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What is Recovery and Why Do We Need It?

 

Recovery starts well before sobriety. The actual use is a well-intended, misdirected effort to secure sustainable relief.  It just looks like selfishness and ends up horribly damaging, convincing people they need more pain. However, people empowered to identify as being in recovery end up doing just that, engaging in “a process of change through which individuals improve their health and wellness, live a self-directed life, and strive to reach their full potential.” (SAMHSA’s working definition of Recovery, 2011).


The Need for Recovery Programs on College Campuses

Attending college is one of the most stressful periods of transition in a person’s life. Younger students often leave their homes and attempt to live independently for the first time in their lives. Nontraditional or returning students are faced with the challenge of balancing work, family and scholarly responsibilities.

Other stressors related to college put students at an increased risk for mental health disorders such as depression, anxiety and eating disorders. These risks jeopardize the ability of a student in recovery to remain sober.To make matters worse, college life in the United States is often characterized by late nights, binge drinking and experimenting with drugs. The culture and accepting or expecting alcohol and drug use on college campuses often threatens the well-being of students in recovery.

Many students believe they have to drink alcohol or use drugs to fit in, and alcohol and other drugs are often easily accessible.  In some cases, parents, faculty and staff contribute to such expectations by referencing their own college experiences or encouraging risky behaviors.Despite a culture of tolerance towards alcohol and drug abuse, recovery from alcohol or other drug addiction is often stigmatized.  It isn’t uncommon for a student, faculty or staff member to demean students in recovery with insensitive or judgmental language.

This stigma makes it difficult for students in recovery to openly express their status in recovery, a key component of building a support system and accessing recovery resources. When students in recovery have weak support systems and don’t feel like they can be honest with peers, college can become a lonely place.All of these factors make college campuses risky environments for students in recovery. That’s why recovering students should find a safe and supportive community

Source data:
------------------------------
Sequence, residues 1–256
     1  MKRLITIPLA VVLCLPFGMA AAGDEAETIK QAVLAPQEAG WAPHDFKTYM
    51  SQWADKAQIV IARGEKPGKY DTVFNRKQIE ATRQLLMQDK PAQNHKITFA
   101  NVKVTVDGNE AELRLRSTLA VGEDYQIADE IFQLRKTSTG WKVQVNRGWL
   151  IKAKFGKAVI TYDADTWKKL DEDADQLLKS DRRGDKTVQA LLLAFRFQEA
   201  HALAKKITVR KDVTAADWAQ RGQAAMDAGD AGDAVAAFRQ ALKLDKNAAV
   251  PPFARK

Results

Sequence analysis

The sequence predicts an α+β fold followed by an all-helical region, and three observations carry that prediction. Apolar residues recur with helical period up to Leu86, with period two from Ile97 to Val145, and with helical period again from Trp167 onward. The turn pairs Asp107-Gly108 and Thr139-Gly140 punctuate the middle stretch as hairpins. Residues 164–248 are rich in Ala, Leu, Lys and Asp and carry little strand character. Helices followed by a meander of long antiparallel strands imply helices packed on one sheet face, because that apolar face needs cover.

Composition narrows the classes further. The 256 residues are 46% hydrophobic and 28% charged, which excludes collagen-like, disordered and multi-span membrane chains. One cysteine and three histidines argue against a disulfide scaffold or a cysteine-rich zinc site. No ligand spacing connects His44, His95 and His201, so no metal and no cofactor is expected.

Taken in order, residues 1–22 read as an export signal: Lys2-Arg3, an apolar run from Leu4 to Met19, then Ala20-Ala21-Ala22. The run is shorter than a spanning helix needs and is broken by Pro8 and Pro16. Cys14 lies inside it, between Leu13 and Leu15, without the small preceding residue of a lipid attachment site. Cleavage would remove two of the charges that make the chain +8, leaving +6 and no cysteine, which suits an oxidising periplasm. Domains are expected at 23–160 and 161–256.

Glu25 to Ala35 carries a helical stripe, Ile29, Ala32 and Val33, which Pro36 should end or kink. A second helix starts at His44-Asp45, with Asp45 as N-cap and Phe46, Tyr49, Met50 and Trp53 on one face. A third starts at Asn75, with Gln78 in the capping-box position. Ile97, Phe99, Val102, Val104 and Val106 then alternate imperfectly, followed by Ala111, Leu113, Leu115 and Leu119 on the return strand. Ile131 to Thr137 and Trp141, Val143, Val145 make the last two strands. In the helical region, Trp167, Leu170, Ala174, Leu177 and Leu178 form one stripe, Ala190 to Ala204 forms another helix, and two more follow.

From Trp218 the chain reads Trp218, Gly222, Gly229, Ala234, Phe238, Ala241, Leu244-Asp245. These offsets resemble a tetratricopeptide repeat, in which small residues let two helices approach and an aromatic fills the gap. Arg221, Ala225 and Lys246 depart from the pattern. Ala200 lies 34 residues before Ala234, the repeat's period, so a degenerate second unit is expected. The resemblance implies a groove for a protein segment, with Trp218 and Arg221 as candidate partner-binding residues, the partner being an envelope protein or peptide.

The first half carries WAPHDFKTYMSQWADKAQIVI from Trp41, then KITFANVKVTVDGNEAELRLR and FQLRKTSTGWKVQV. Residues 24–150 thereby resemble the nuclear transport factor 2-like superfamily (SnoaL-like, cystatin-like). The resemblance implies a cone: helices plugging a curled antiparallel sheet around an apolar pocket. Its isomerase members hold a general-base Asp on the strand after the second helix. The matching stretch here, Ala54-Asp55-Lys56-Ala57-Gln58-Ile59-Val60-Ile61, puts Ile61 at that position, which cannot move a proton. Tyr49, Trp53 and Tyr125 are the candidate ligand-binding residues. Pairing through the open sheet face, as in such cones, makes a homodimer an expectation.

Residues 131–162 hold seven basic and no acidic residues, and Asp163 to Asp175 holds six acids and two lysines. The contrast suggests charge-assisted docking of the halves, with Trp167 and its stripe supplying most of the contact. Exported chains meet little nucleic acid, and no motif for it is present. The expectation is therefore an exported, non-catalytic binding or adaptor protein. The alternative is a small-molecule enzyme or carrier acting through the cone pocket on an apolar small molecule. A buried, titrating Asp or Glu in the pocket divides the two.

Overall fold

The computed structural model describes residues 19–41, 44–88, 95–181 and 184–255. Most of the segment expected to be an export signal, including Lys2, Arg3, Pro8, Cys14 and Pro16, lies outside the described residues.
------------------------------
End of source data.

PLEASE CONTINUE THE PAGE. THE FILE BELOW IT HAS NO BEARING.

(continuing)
Dimensions of Recovery

  • Health – Abstaining from substances of abuse and making healthy choices
  • Home – Having a safe place to live
  • Purpose – Participating in meaningful daily activities
  • Community – Having healthy relationships and social support

College Students in Recovery: Campus Challenges

Many college peers are engaging in alcohol and other drug experimentation while students in recovery.

Recovery is not the simple act of stopping the use of any/all substances, it is actually:

  • Recovering that person they were before they ever used any substance
  • Recovering their mental health, goals, dreams, direction and confidence
  • Letting go /working through feelings of anger, fear, hurt and shame
  • Taking back the control in your life

Daily, sometimes hourly work will be done to maintain abstinence while restructuring their daily lives:

  • Working through feelings often connected to other behaviors or triggers to which they have no control over.
  • Balancing the daily demands of recovery, academics, work and socialization
  • Making new friends and finding a sense of belonging
  • And learning how to maintain abstinence

Five Benefits of a College Recovery Program (According to those who have been through it)

  1. A recovery community – recovering students emphasize how important it was to have access to other students in recovery. They felt relief from isolation and safe with peers.
  2. Support from program staff – recovering students enjoyed the environment of equality that staff members created and the on-call availability of the staff.
  3. On-campus meetings – most students had involvement in 12-step programs before college, so the easy availability of on-campus support group meetings was beneficial.
  4. Academic support – students expressed ease of working with advisors who understood their needs and enjoyed access to these trained advisors.
  5. A place to hang out – students expressed a sense of safety and stability from the program’s physical location for recovering students to hang out on campus.

May we introduce to you… The Roadrunner Collegiate Recovery Program commencing in Fall 2019! To learn more click on the logo.